Bandwagoning with the 2023 Cubs, Rays Stadium Steps, Cubs Velocity Talk, and Other Cubs Bullets

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Bandwagoning with the 2023 Cubs, Rays Stadium Steps, Cubs Velocity Talk, and Other Cubs Bullets

Chicago Cubs

If ‘The Last of Us’ can continue to execute at the level they did this week, that show is going to be an all-timer. I was vaguely aware that it was going to be something of a standalone episode, and I was circumspect about it actually landing. But boy did it. I know nothing of the video game, and I can’t say for sure where it’s going, but through three episodes, I’m gonna say BIG recommend on the show.

  • There has been a pretty big step forward in the efforts to keep the Tampa Bay Rays in the Tampa/St. Petersburg area in a stadium that isn’t hilariously awful (the stadium, itself, and also the location for traffic). The mayor of St. Petersburg has selected the Rays and another private developer to lead the redevelopment of the current site of Tropicana Field, and the new stadium would be part of that redevelopment (in a different location). It’s a good first step, because it signals a willingness by the city and the Rays to work together on financially-agreeable terms to create an area that provides a new stadium, yes, but also provides more infrastructure and other multi-use projects that serve the community.
  • That said, the sides still have to actually AGREE on those financial terms, and as we’ve seen out in Oakland, that can be a substantial sticking point (and in that case, it sure seems like a departure to Las Vegas is imminent). As a reminder, the league has indicated it will not seriously entertain expanding to 32 teams (and realigning thereafter) until the stadium situations in Tampa and Oakland are resolved, so every step in these processes is of great interest to me.
  • Are the Cubs a good “bandwagon” team for 2023? Will Leitch says yes, picking them as one of six:

The North Siders have had two losing seasons in a row, and it has still been quite pleasant to go to a Cubs game. But this year, Chicago may have a bit of that old plucky underdog in them. The team’s got exciting young players like Christopher Morel and, soon, Brennen Davis. But they’re absolutely packed with intriguing veterans, from Trey Mancini to Eric Hosmer, as well as guys like Yan Gomes, Jameson Taillon and Cody Bellinger, the most fascinating bet of all. And they also have a big-ticket acquisition in Dansby Swanson.

  • I’ll give it this: *IF* this year’s Cubs wound up being surprisingly good, it would definitely be an extremely fun year to be along for the ride. I can just kinda tell from the vibe, and I usually have a pretty good finger-on-the-pulse for that stuff. I think for we hardcore folks there will be fun stuff even if the Cubs wind up falling out of the race, but for the more casual types – the bandwagoners that Leitch is referring to – it’s going to require winning. And there’s nothing wrong with that, by the way. Winning is fun, and I don’t begrudge fans who generally want to follow more when the times are good. Spend your fanning time however you want.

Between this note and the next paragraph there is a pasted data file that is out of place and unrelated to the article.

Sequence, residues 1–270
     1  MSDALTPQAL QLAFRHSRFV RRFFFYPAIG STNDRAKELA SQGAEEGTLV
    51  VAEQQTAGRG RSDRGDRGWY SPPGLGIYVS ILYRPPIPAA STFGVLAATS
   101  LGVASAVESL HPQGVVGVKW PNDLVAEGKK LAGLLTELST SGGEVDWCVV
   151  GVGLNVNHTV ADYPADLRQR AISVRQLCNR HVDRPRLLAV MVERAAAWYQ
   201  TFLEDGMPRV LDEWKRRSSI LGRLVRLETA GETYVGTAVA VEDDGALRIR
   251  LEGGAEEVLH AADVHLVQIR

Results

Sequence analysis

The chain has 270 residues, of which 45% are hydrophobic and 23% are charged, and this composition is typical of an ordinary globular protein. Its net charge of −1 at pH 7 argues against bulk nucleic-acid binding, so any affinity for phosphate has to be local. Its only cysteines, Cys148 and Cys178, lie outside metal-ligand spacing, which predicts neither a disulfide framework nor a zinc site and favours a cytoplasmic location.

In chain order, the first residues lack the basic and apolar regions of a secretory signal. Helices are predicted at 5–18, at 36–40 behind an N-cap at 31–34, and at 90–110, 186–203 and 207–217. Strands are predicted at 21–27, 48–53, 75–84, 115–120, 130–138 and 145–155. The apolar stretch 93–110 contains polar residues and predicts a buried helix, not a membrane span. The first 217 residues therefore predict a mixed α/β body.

• Keep scrolling, keep scrolling, keep scrolling:
  • TWO. TWO called or swinging strikes against pitches 98mph or faster (that’s not THAT fast) for the Cubs in 2022. The league-leading Yankees had 300x as much. We’ve said before that this is not the only way to generate outs, clearly, as the Cubs showed last year. But having more velocity creates more margin for error, and it is certainly not a bad thing. I would bet on the Cubs having a few more notches this year, though it won’t be in the rotation, so they’re still not going to be way up there on a list like that.
  • You’re wondering, aren’t you? Where the two pitches came from? They were two of the first pitches of Jeremiah Estrada’s big league career, from his scintillating debut in Toronto on August 30. His very first big league pitch, and then a second one later in the inning. That was it for the whole year for the Cubs above 98 mph. Eesh.
  • Another Codify goodie with a Cubs connection:
  • You know about Sammy in ’98, but Henry Rodriguez hit 31 homers that year. Others who contributed to the outfield total: Brant Brown (14), Glenallen Hill (8), Lance Johnson (2), Matt Mieske (1), and Orlando Merced (1).
  • Old friend Kyle Schwarber was on with DOM:
  • Big get for New Balance, and this must’ve cost a pretty penny:
  • Missed opportunity:

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Author: Brett Taylor

Brett Taylor is the Editor and Lead Cubs Writer at Bleacher Nation, and you can find him on Twitter at @BleacherNation and @Brett_A_Taylor.